Jodie Foster Says She Felt Pressure as a Child Star to Be the Breadwinner of Her Family

Jodie Foster has always had a natural talent for the big screen. Starting his career at a young age helped him achieve success later in his career, but it also had a negative impact on his young life. Being famous took parts of her childhood away from her and she was forced to become the sole provider for her family, a burden that no child should have to bear.

Being a child star was difficult for Foster

Jodie Foster became a star very early in her life. At just three years old, he got the opportunity to work in a Coppertone advertisement, marking the beginning of his role as the main breadwinner in his family. “I was him. I had no other income besides myself,” Foster said. His mother, Brandi, also served as his manager and often stressed about the family's financial situation.

As Foster grew as an actress, she carried herself with greater maturity over the years, both on-screen and off-screen. In 1976, at only 14 years old, Foster played a teenage sex worker in Taxi Driver, a role that earned her her first Oscar nomination. However, Foster was still a child and wanted to experience childhood without being under the microscope of fame.

Unfortunately, privacy wasn't something Foster could indulge in, especially since she was just 13 years old when a documentary crew followed her around. Despite not allowing documentary crews to film her life, she felt she could not turn it down as it might disappoint her family. Still, when they wanted to follow her to Disneyland – where she wanted to be a real kid and no one was paying attention to her – she broke down and told her mother.

The live set gave him privacy from his mother.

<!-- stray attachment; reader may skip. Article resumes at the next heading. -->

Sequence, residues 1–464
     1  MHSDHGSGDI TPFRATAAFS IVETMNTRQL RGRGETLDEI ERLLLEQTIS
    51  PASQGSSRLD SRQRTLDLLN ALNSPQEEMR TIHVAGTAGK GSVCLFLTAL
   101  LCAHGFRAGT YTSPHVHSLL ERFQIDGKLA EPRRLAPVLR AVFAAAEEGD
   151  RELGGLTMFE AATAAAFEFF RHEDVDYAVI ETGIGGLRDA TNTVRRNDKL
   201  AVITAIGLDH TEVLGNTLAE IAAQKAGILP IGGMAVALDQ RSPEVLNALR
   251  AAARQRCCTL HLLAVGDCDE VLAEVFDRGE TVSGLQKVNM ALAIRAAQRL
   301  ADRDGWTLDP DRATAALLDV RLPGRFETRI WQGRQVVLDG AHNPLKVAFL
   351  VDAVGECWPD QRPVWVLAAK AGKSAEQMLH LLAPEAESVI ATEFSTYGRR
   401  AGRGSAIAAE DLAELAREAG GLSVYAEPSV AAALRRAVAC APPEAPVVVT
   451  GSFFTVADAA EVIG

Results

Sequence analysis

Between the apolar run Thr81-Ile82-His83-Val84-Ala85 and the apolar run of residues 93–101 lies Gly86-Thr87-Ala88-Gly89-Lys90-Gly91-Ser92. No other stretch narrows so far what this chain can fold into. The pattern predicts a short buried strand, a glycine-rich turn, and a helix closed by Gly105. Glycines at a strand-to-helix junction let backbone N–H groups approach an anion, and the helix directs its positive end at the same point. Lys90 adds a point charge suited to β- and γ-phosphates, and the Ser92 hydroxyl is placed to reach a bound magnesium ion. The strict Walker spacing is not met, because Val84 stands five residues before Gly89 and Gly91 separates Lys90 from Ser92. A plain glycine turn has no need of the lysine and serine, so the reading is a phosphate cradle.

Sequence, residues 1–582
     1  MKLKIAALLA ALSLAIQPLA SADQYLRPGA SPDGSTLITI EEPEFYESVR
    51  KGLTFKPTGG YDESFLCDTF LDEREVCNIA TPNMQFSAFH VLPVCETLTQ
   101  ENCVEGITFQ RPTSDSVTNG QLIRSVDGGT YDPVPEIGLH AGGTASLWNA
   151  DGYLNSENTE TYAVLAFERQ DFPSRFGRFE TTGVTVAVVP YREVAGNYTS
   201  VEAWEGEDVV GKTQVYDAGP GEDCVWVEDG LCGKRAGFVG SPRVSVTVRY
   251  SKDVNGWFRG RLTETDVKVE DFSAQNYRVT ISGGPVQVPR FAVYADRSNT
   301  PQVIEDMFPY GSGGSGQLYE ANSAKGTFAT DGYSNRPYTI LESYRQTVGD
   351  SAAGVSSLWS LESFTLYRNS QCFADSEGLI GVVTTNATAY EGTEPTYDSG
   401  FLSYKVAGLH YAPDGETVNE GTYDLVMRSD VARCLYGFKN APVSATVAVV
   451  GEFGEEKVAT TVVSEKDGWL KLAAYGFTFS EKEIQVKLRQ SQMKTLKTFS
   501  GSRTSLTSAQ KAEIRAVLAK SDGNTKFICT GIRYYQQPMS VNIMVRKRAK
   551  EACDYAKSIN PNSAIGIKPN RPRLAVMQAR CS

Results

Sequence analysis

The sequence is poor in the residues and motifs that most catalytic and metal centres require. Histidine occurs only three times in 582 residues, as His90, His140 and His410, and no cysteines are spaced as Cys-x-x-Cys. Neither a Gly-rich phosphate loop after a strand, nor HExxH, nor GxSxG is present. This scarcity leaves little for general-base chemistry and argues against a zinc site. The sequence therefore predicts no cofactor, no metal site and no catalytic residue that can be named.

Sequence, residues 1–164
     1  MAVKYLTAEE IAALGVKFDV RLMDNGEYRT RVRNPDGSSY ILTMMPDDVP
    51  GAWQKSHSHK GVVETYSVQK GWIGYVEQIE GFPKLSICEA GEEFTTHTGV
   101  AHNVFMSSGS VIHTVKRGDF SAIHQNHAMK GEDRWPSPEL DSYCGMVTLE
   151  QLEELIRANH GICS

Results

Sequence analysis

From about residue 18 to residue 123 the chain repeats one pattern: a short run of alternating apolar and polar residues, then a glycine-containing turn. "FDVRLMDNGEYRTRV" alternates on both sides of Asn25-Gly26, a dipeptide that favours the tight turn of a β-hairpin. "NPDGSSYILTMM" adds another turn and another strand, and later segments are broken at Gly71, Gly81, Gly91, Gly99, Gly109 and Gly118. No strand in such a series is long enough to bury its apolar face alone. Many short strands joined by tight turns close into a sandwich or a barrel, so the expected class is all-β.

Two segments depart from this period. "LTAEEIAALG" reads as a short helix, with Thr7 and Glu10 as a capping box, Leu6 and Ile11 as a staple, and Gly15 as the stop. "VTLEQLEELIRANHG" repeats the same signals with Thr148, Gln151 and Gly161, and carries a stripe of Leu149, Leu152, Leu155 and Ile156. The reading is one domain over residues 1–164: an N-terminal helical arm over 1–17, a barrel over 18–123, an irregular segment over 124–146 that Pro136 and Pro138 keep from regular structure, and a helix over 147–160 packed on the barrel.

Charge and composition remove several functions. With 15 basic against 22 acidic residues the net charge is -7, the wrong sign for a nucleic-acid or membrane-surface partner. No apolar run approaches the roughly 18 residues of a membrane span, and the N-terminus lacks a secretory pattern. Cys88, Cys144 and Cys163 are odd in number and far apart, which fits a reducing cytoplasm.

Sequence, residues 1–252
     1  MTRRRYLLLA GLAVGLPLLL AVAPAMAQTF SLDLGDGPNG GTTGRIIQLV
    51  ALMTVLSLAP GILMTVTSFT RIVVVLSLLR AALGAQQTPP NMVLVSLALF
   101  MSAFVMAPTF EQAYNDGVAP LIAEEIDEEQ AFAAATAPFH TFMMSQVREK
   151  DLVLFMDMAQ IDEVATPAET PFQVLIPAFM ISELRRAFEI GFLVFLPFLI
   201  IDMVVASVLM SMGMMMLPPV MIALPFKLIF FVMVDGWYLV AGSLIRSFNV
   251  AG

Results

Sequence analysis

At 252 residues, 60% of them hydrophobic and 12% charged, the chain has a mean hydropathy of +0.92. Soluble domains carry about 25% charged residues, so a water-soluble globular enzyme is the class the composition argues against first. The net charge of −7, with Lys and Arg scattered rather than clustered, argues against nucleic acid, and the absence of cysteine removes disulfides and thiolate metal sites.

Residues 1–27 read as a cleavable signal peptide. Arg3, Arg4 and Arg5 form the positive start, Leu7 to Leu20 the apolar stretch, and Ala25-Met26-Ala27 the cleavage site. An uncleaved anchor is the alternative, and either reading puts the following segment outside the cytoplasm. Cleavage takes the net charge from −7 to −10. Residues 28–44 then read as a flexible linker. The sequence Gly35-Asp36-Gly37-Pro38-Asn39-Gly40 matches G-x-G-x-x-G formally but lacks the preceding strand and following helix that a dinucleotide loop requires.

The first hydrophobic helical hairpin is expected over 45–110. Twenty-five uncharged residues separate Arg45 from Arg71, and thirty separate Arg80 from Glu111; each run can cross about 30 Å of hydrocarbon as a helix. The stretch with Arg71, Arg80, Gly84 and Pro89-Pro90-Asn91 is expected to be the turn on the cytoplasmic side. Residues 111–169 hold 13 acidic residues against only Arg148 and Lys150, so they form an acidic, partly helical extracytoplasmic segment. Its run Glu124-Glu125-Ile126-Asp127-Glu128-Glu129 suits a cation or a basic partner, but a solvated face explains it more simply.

"She couldn't get inside my body and take that experience away from me," Foster said. "She could have taken a lot of experiences from me, but she couldn't take even one." He described his experience in more detail. "There is a joy in loneliness," she continued. "There's nothing like the loneliness of lying in a pool of fake blood in Prospect Park at three in the morning with 175 people moving stuff around you - and knowing they'll never understand who you are." What are you doing."

Brandi worked as Foster's manager for years, until the actress was in her twenties. She shared a unique relationship with her mother, pursuing a college education despite her mother's warnings, but the pair remained loving and caring for each other throughout the years. In 2019, Brandy died at the age of 90, and Foster, along with her siblings, shared a touching statement in honor of their late mother.

She's trying to help guide young actresses

Now in her sixties, Foster admits that she feels a little protective of the younger generation of actresses, willing to give her "almost entirely maternal advice". She said, "I find myself reaching out to girls who could be my daughters and saying, 'Wait a minute, you keep doing stupid things on publicity tours. What's going on with you? It's a bit self-sabotaging. You know better than that. Who's letting you do this? And where's your mother?"

1 comment:

  1. Is the writer Hungarian? I know many Hungarians who are confused by he vs she and him vs her because there is no gender in the Hungarian language. The writer makes many of these mistakes in the article.


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